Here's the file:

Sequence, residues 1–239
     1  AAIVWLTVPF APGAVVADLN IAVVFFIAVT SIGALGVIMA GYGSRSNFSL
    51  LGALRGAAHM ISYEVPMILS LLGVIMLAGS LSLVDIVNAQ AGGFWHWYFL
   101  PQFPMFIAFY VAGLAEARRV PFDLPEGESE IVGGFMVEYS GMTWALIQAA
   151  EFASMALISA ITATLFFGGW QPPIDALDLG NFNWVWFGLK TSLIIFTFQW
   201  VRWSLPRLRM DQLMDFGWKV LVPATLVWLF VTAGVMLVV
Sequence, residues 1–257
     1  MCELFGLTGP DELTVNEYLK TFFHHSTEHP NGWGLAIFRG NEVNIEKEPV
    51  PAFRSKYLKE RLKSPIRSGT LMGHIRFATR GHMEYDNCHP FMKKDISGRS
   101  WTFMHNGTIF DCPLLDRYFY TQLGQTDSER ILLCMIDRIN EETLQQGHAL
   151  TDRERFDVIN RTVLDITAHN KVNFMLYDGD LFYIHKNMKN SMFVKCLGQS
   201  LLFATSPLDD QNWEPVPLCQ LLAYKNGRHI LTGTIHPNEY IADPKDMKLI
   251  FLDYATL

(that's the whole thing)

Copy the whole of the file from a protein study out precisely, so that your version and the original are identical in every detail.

Sequence, residues 1–239
     1  AAIVWLTVPF APGAVVADLN IAVVFFIAVT SIGALGVIMA GYGSRSNFSL
    51  LGALRGAAHM ISYEVPMILS LLGVIMLAGS LSLVDIVNAQ AGGFWHWYFL
   101  PQFPMFIAFY VAGLAEARRV PFDLPEGESE IVGGFMVEYS GMTWALIQAA
   151  EFASMALISA ITATLFFGGW QPPIDALDLG NFNWVWFGLK TSLIIFTFQW
   201  VRWSLPRLRM DQLMDFGWKV LVPATLVWLF VTAGVMLVV
Sequence, residues 1–257
     1  MCELFGLTGP DELTVNEYLK TFFHHSTEHP NGWGLAIFRG NEVNIEKEPV
    51  PAFRSKYLKE RLKSPIRSGT LMGHIRFATR GHMEYDNCHP FMKKDISGRS
   101  WTFMHNGTIF DCPLLDRYFY TQLGQTDSER ILLCMIDRIN EETLQQGHAL
   151  TDRERFDVIN RTVLDITAHN KVNFMLYDGD LFYIHKNMKN SMFVKCLGQS
   201  LLFATSPLDD QNWEPVPLCQ LLAYKNGRHI LTGTIHPNEY IADPKDMKLI
   251  FLDYATL